An important thing to remember is that it doesn’t have to be the same blurb as you use to sell the book.
In fact, in a lot of cases, it shouldn’t be – a critical point that I’ll be diving into in the next section.
The point is, although most authors understand the importance of covers and blurbs when it comes to sales, they don’t always give them enough attention when preparing them for reviewers. Don’t leave them to last minute. There is a glut of free content out there, all of it competing for a limited number of eyeballs.
Put as much polish into selling your book to reviewers as you would to potential buyers.
Delivering Your Book to the “Right” Readers
You don’t just want reviews, you want positive ones, right? Of course, the best way to get those is to write an outstanding book that everyone loves and no one can say a bad word about. Books like….
Oh wait, those don’t exist.
As of this writing, Leo Tolstoy’s Anna Karenina has 177 one-star reviews and an overall average of only 4.1. Harper Lee’s To Kill a Mockingbird fares better with a 4.7 average but still has 211 single stars.
Even more modern day commercially successful books haven’t fared much better. Harry Potter may have made J.K. Rowling the first billionaire author, but the first book in the series has an average of 4.3 and over 1600 one star reviews.
The good news is, a few negative reviews can actually improve sales – but that doesn’t mean you should go out looking for them. Trust me, they’ll find you.
The best chance you have at positive reviews is to focus on delivering your free copies to the “right” readers.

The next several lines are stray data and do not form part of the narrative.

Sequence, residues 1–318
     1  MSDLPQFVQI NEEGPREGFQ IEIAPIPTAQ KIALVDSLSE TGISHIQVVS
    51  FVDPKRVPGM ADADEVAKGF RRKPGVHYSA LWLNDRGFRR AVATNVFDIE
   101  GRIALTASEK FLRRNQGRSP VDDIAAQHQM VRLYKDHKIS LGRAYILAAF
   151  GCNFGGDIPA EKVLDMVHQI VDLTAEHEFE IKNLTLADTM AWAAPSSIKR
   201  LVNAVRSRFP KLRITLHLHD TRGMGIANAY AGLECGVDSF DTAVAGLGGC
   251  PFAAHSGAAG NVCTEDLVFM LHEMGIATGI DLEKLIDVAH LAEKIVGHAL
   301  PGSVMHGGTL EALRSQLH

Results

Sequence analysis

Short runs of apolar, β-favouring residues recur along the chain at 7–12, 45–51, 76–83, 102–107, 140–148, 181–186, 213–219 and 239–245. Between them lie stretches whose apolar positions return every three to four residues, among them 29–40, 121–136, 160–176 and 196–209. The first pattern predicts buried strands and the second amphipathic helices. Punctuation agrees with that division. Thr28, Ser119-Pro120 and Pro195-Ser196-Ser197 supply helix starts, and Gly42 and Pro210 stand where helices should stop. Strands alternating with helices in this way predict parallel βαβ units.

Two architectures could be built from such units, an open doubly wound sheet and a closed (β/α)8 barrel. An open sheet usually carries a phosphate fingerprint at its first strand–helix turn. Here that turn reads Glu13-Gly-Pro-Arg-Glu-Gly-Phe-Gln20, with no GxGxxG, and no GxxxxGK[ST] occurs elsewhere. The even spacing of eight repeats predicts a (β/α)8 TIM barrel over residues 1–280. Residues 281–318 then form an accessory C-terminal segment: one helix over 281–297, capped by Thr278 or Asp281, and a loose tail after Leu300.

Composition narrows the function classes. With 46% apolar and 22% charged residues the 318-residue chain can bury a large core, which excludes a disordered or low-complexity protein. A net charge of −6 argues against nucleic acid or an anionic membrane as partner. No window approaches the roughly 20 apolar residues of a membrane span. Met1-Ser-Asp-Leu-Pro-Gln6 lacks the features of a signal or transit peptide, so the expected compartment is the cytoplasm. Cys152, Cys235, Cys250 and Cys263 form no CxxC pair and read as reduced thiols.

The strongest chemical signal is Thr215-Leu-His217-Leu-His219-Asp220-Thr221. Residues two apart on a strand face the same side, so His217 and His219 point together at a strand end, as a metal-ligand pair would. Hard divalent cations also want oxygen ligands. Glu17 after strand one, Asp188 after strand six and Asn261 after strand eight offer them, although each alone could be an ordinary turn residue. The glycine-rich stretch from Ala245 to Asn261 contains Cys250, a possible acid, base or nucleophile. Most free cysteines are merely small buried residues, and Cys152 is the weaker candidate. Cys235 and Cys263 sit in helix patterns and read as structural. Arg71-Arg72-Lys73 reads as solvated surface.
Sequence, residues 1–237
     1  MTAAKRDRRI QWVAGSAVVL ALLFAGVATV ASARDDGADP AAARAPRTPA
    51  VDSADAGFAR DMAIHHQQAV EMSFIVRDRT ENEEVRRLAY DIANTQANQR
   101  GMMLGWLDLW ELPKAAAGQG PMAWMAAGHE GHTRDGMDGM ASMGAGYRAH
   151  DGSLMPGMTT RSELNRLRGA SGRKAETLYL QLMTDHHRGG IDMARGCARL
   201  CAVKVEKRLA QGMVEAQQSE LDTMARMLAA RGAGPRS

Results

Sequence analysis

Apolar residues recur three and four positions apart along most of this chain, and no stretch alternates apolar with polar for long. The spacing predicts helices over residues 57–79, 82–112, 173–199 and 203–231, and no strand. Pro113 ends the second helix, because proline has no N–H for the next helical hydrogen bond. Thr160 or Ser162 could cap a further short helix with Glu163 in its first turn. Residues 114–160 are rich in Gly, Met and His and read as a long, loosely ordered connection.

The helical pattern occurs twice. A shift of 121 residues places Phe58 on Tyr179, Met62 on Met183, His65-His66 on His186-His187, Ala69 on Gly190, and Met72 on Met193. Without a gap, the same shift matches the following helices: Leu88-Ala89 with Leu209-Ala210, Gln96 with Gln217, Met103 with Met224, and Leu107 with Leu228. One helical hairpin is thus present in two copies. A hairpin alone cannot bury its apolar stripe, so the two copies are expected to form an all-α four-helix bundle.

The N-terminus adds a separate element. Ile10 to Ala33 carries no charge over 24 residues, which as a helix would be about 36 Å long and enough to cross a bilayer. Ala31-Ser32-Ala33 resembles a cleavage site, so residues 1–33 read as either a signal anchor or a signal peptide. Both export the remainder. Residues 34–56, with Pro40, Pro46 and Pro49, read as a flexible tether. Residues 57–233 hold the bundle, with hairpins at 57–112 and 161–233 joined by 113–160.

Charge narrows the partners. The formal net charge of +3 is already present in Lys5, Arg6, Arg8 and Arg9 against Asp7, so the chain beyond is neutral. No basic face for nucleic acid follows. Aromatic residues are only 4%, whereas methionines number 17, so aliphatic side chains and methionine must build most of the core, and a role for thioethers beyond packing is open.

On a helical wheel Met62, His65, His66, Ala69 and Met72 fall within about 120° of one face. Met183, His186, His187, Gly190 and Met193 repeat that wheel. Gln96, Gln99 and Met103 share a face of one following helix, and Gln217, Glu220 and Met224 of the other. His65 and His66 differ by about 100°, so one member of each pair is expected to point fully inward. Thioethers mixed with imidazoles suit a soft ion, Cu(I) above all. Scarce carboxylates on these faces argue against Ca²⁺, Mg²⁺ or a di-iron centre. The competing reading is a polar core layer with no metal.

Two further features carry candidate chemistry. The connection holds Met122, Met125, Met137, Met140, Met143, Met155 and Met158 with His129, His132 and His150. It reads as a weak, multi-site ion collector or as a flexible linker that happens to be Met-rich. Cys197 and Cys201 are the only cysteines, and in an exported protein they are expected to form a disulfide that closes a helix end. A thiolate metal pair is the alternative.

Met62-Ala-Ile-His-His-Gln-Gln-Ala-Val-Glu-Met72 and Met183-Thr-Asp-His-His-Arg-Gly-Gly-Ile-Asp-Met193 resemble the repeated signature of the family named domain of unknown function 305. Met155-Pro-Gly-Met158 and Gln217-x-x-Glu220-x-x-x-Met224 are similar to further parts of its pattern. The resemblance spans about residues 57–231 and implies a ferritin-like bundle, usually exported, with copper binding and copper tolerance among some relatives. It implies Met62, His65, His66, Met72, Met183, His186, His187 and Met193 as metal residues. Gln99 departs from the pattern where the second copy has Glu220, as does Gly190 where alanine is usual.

But what do I mean by the “right” readers?
Ideally, you want readers that are already pre-dispositioned to enjoying the type of book that you write.
If your reviewer pool is made up of existing fans of your work, you’ve probably already got that covered and can skip ahead to the next section – but I urge you to read that section carefully, as it may give you some second thoughts about why that may not be the best strategy. For everyone else, let’s dig deeper.
Blindly sending books out to random readers can lead to very unpredictable results. After all, you wouldn’t want to send your latest SF Space Opera to someone that only enjoys erotic romance novels, right? Most likely they wouldn’t even read it, but if they did they’d likely hate it. Not because it’s a bad book in general, but it’s a bad book for them.
Still, sending your books to readers that regularly read your genre is only one factor to consider and is one that most services take care of for you. Where you can potentially improve things is by narrowing the field even further with a customized reviewer-focused blurb.
While some books can get away with using the same blurb for both buyers and reviewers, there are a few key exceptions and it’s vitally important to know if your book is one of those.
To understand why, you have to remember something else that is very often overlooked by authors. Buyers and reviewers might be made up of the same types of people, but as an audience for your book, their purpose is very different.